Berliner-Joyce P-16 Airplane Videos and Airplane Pictures

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Warbird Picture - Berliner-Joyce P-16

Berliner-Joyce P-16 Aircraft Information

Warbird Picture - Berliner-Joyce P-16

Picture: Berliner-Joyce P-16

Role - Two-seat fighter
Manufacturer - Berliner-Joyce Aircraft Corporation
First flight - 1 September 1930
Introduced - 1932
Retired - 1940
Primary user - United States Army Air Corps
Number built - 26

The Berliner-Joyce P-16 was a 1920s United States two-seat fighter aircraft produced by Berliner-Joyce Aircraft Corporation.

Design and development

Berliner-Joyce P-16 c. 1933Picture: Berliner-Joyce P-16 c. 1933

The Berliner-Joyce Aircraft Corporation was established in February 1929 when it acquired the assets of the Berliner Aircraft Company. The new company had intended to develop the Berliner Monoplane but became involved in designing a two-seat fighter for the United States Army Air Corps. The prototype (designated the Berliner-Joyce P-16) first flew in October 1929. It had a metal structure with a fabric covering. It was a single-bay biplane of unequal span, with the wings forward-staggered. The lower wing was smaller than the upper and was mounted at the base of the fuselage. The upper wing was of gull wing configuration. An observer/gunner was located behind the pilot. The aircraft was powered by a 600 hp (447 kW) Curtiss V-1570 Conqueror supercharged inline engine. After evaluation by the USAAC two contracts were awarded for a total of 25 aircraft as YP-16s (the first 15 were considered preproduction). The main difference with the production aircraft was the use of an unsupercharged version of the Conqueror engine, and a three-bladed propeller.

Operational history

During 1931, the USAAC ordered the aircraft and the US Navy ordered a carrier-based version, the F2J-1. The Berliner-Joyce YP-16 had the distinction of being the last biplane fighter to enter service with the USAAC. In addition, the P-16 remained the only two-seat biplane fighter to be produced for the army after 1918.

Delivered in 1932 as the Y1P-16 primarily equipping the 94th Pursuit Squadron, the production aircraft were later re-designated PB-1 (pursuit-biplace, an awkward name for the class of aircraft and only applied to one other type)[1]. Without the prototype's supercharger, performance at altitude was appreciably reduced although the aircraft had a greater endurance than contemporary single-seat pursuits.[1] Despite the gull-wing, pilots had poor visibility over the nose which contributed to service pilots having a propensity to nose-over on landing.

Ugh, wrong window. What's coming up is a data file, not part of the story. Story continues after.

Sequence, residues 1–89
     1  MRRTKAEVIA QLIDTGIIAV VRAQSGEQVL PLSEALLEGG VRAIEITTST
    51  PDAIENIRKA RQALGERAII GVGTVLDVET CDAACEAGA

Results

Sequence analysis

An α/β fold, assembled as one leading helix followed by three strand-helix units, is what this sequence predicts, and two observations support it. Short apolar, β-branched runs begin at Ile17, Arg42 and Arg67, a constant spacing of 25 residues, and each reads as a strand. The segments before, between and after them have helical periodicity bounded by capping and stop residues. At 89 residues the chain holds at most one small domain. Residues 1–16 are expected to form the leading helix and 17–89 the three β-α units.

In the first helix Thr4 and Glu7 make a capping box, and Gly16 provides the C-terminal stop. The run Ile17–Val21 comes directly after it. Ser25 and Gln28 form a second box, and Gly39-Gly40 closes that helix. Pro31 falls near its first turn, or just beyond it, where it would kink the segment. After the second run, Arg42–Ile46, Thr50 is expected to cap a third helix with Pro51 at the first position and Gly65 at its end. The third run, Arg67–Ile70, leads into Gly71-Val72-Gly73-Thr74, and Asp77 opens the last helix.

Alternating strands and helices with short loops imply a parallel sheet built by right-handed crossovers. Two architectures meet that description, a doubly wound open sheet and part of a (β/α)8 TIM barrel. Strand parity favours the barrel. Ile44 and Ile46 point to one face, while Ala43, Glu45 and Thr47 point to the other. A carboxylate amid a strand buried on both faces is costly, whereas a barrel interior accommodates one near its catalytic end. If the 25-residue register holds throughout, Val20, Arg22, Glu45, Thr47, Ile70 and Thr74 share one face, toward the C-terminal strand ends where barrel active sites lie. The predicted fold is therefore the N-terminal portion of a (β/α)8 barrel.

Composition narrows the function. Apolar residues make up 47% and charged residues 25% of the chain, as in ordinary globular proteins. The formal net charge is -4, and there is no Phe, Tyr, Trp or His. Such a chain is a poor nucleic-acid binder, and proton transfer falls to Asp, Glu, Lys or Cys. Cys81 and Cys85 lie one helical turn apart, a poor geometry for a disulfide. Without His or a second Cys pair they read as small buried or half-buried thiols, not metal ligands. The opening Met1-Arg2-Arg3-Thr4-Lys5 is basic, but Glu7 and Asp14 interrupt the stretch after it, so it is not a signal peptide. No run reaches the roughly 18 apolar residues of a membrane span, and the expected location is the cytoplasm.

All Berliner-Joyce PB-1s were withdrawn from active service in 1934, although a small number of aircraft continued in second line duties until 1940.
Berliner-Joyce P-16 c. 1933

The F2J-1 suffered from the same faults as the P-16, resulting in an unfavourable service trial of the one prototype, which had appeared two years late due to a protracted development phase, eacerbated by financial difficulties that eventually led to the demise of the company [2]


Prototype with 600hp V-1570-25 engine, one built.
Production version, became P-16 after evaluation, 25 built.
In-service designation of the 25 production aircraft, re-designated PB-1 in 1935.
Production aircraft re-designated from P-16 in 1935.


United States

- United States Army Air Corps

Specifications (P-16)

General characteristics

- Crew: 2
- Length: 28 ft 2 in (8.59 m)
- Wingspan: 34 ft 0 in (10.36 m)
- Height: 10 ft 2 in (3.10 m)
- Wing area: 290.64 ft² (27 m²)
- Empty weight: 2,734 lb (1240 kg)
- Ma takeoff weight: 3,968 lb (1800 kg)
- Powerplant: 1× Curtiss V-1570-25 Conqueror inline piston, 600 hp (447 kw)


- Maimum speed: 172 mph (282 km/h)
- Range: 650 miles (1046 km)


two fied forward firing and one fleible mounted 0.3in (7.62mm) machine guns, maimum bombload of 224lb (102 kg)


1. a b Wagner 1968, p. 184-185.
2. Baugher, Joe. Berliner-Joyce P-16/PB-1. Berliner-Joyce P-16/PB-1 Access date: 22 June 2007. Note: The poor visibility over the nose and the landing characteristics doomed the F2J-1, especially in light of the availability of the superior Grumman FF-1.

- Dorr, Robert F. and Donald, David. Fighters of the United State Air Force: From World War I Pursuits to the F-117. New York: Military Press, 1990. ISBN 0-51766-994-3.
- The Illustrated Encyclopedia of Aircraft (Part Work 1982-1985). London: Orbis Publishing.
- Wagner, Ray. American Combat Planes. New York: Doubleday and Company, 1968. ISBN 0-385-04134-9.

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Source: WikiPedia

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